The kids are back to school, fall weather is coming on fast (at least for the moment) and the U.S. Food and Drug Administration (FDA) has released 255 lots of flu vaccine for distribution. You’ve probably seen the “Get Your Flu Shot Here!” signs popping up at area grocery and drug stores – and it’s not too early to protect yourself from the strains of influenza experts believe we’ll be contending with this fall and winter.
This year’s flu vaccine covers the same trio of strains as last year’s (Influenza A [H3N2], Influenza A [H1N1] and Influenza B), but that doesn’t mean you can skip your shot.
According to Carolyn Bridges, MD, Associate Director for Adult Immunization with the U.S. Centers for Disease Control and Prevention’s (CDC) National Center for Immunization and Respiratory Disease, “levels of protective antibodies can decrease, especially in the elderly and people who have compromised immune systems.” That means the protective power of last year’s vaccine won’t get you through this season. You’ll need your annual shot to give you a fighting chance against the flu.
As in previous years, the vaccine is recommended for everyone ages six months and older (unless you have a serious egg allergy).
In the past, children with egg allergies were told to skip the flu vaccine to avoid a potential reaction. This year, the American Academy of Pediatrics (AAP) says children with a history of mild egg allergy (like hives) can safely receive the vaccine. Parents of children who have a history of more serious allergic reactions to eggs (cardiovascular changes, trouble breathing, etc.) should talk to an allergist to decide if the vaccine is appropriate.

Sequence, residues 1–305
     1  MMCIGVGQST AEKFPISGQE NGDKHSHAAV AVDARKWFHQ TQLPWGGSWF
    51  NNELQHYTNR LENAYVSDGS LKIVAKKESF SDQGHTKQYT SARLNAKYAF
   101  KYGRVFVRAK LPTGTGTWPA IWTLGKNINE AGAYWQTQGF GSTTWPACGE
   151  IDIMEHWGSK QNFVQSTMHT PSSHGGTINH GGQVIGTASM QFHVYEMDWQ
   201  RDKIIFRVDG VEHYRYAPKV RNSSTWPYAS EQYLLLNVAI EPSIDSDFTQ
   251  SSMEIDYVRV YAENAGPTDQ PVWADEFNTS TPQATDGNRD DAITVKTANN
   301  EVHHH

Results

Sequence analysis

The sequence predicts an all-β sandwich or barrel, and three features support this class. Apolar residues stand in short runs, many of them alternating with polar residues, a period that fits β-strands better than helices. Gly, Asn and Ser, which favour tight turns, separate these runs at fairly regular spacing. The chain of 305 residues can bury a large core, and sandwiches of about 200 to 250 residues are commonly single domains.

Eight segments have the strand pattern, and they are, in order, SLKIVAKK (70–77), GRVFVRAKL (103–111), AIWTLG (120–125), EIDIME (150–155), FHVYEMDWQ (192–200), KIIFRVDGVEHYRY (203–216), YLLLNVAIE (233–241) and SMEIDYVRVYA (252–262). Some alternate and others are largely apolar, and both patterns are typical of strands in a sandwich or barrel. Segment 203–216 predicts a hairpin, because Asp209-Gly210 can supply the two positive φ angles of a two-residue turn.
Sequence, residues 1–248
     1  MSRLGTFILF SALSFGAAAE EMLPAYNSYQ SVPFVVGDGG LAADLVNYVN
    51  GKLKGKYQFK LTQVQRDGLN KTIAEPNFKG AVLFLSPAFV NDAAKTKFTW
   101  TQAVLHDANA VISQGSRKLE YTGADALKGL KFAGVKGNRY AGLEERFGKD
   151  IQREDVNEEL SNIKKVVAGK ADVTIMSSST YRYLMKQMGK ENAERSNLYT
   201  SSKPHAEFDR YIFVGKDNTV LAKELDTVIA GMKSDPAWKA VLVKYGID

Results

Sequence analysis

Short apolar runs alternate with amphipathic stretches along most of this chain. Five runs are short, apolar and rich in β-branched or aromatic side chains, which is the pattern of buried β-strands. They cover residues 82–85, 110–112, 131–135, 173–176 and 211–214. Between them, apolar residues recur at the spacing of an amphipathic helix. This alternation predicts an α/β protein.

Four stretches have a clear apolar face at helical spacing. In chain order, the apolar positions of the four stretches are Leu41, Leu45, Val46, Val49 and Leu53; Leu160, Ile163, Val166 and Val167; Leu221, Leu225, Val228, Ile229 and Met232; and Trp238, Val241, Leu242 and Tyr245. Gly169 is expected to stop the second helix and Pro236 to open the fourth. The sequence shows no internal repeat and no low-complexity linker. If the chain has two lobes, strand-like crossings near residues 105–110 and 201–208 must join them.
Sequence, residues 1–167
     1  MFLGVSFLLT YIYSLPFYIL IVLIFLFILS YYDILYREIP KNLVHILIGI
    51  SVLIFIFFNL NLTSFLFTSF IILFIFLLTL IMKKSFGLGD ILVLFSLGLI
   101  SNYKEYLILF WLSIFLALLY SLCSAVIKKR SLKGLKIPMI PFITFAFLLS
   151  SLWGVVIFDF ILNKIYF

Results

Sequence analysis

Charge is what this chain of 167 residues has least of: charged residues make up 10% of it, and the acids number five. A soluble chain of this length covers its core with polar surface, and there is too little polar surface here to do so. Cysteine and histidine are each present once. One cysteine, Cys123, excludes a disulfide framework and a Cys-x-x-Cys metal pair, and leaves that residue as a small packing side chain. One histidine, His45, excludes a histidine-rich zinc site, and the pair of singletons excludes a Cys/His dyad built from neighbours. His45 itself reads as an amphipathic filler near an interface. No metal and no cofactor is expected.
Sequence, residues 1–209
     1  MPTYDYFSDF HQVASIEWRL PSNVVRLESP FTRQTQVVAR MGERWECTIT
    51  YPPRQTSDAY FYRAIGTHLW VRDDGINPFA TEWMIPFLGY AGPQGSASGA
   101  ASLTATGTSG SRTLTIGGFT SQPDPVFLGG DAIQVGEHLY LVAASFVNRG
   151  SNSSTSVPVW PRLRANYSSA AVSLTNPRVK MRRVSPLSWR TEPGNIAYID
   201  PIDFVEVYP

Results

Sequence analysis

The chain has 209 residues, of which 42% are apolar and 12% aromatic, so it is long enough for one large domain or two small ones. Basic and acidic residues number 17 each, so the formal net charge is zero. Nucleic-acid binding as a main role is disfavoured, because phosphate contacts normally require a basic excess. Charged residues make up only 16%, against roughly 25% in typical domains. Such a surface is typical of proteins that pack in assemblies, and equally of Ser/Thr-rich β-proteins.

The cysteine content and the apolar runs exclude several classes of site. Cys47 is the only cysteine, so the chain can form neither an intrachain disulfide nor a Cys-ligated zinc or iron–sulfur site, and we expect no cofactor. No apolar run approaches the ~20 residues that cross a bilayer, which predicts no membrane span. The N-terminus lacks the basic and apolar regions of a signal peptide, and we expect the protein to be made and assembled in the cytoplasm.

One dose or two?
For anyone nine years of age and older, only one dose of the flu vaccine is necessary. The following guidelines from the AAP outline their recommendations for children younger than nine:
- Infants younger than 6 months are too young to be immunized.
- Children 6 months through 8 years of age need only 1 dose of the 2011-2012 influenza vaccine if they received at least 1 dose last season.
- Children 6 months through 8 years of age should receive 2 doses if they did not receive any vaccine last season. The second dose should be administered at least 4 weeks after the first.
Advice for Pregnant Women
Expecting? Get your flu shot.
Babies born to mothers who received a flu shot were about 46% less likely to be hospitalized with the flu than babies born to unvaccinated mothers. If your baby is due during flu season (October through May), getting your flu shot and passing along those protective antibodies is particularly important.
In short, make the time, “suffer” through the pinch and you’ll be armed and ready to fight off the flu when it hits. HealthyChildren.org has more information on additional steps you can take to keep your family healthy this fall and winter, along with tips you can follow if the flu invades your home.